Amazon.com’s move assumes significance since more than 80% of food stamp recipients live in or near big cities, which are served by Amazon’s vast network of warehouses and home to the affluent and poor in close proximity. FreshDirect, Safeway, and ShopRite are also joining SNAP, which provided more than $66 billion of help to 44.2 million needy Americans in 2016. This will be the first time SNAP has accepted online payment for groceries.

Can Amazon.com bridge the gap?

a3Industry experts believe that Costco Wholesale Corp. (NASDAQ: COST), the second-largest global retailer, mainly caters to affluent customers and Wal-Mart’s customers are mostly low income. Amazon.com believes that it is uniquely positioned to bridge this gap between these two categories with its vast selection and low prices. Amazon’s competition for urban food stamp recipients include convenience stores with limited inventory and high markups. One of the main advantages is that Amazon’s delivery program lets food-stamp recipients use the benefit more discreetly than in a crowded store, where other shoppers can see how they’re paying for their groceries. It is unclear if Amazon plans to deliver the groceries to doorsteps, require pickup from central locations or leave that up to shoppers.

Amazon’s push into groceries follows that game plan of big box competitors that sell food at or below cost to get people into the store with hopes that they also buy higher-margin items such as clothing and electronics. People buy groceries frequently, putting a retailer in regular contact with the shopper and generating order volumes that can help Amazon achieve economies of scale that are crucial to make e-commerce profitable. It is estimated that annual online grocery spending in the US will more than double to $70 billion by 2021.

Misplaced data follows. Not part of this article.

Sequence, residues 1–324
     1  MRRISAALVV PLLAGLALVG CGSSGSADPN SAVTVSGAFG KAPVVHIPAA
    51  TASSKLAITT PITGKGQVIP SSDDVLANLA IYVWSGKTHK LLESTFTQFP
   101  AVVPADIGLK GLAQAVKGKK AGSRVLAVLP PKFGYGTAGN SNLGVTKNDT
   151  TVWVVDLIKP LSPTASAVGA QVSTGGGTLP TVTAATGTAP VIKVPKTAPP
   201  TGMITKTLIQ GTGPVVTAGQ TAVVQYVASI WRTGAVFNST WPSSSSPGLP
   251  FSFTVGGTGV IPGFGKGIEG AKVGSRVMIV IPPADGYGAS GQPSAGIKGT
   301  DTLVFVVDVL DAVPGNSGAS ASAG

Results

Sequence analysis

Amazon is the largest of seven retailers chosen for the two-year food stamps program. The US Department of Agriculture, which administers SNAP, sees access to online groceries as a benefit to urban and rural residents with limited shopping options. The pilot will let the agency work out any payment and security issues before allowing online food stamp purchases nationally. Amazon’s selection and competitive pricing can improve the grocery shopping experience for SNAP participants, while helping them extend their benefits further.

Serving food stamp recipients would put provide a public relations boost to Amazon after an investigation revealed that some predominantly minority neighborhoods in Boston, New York, Chicago, Dallas, and Washington DC, were excluded from Amazon’s same-day delivery service. Amazon has since expanded the service and filled the gaps. Also in April 2016, Amazon introduced a $10.99 a month payment plan for Prime, making it more appealing to those who can’t afford a one-time $99 fee for yearly membership. That helped Amazon increase Prime membership among those earning less than $25,000 a year from 6% in 2014 to 11% at the end of 2016. Some of these customers use food stamps.

The push could be bad news for Wal-Mart, which gets more than half its $298 billion in annual US revenue from grocery sales. The world’s biggest retailer is already battling German-owned chain Aldi and other discount grocers for low-income shoppers. Now the world’s biggest online retailer is chasing those shoppers too!

Stock Performance

a4Amazon.com’s stock stood at $817.14, inching up 0.43%, at the close on Friday, January 13th, 2017, having vacillated between an intraday high of $821.65 and a low of $811.40 during the session. The stock’s trading volume was at 3,775,574 for the day. The Company’s market cap was at $386.61 billion as of Friday’s close.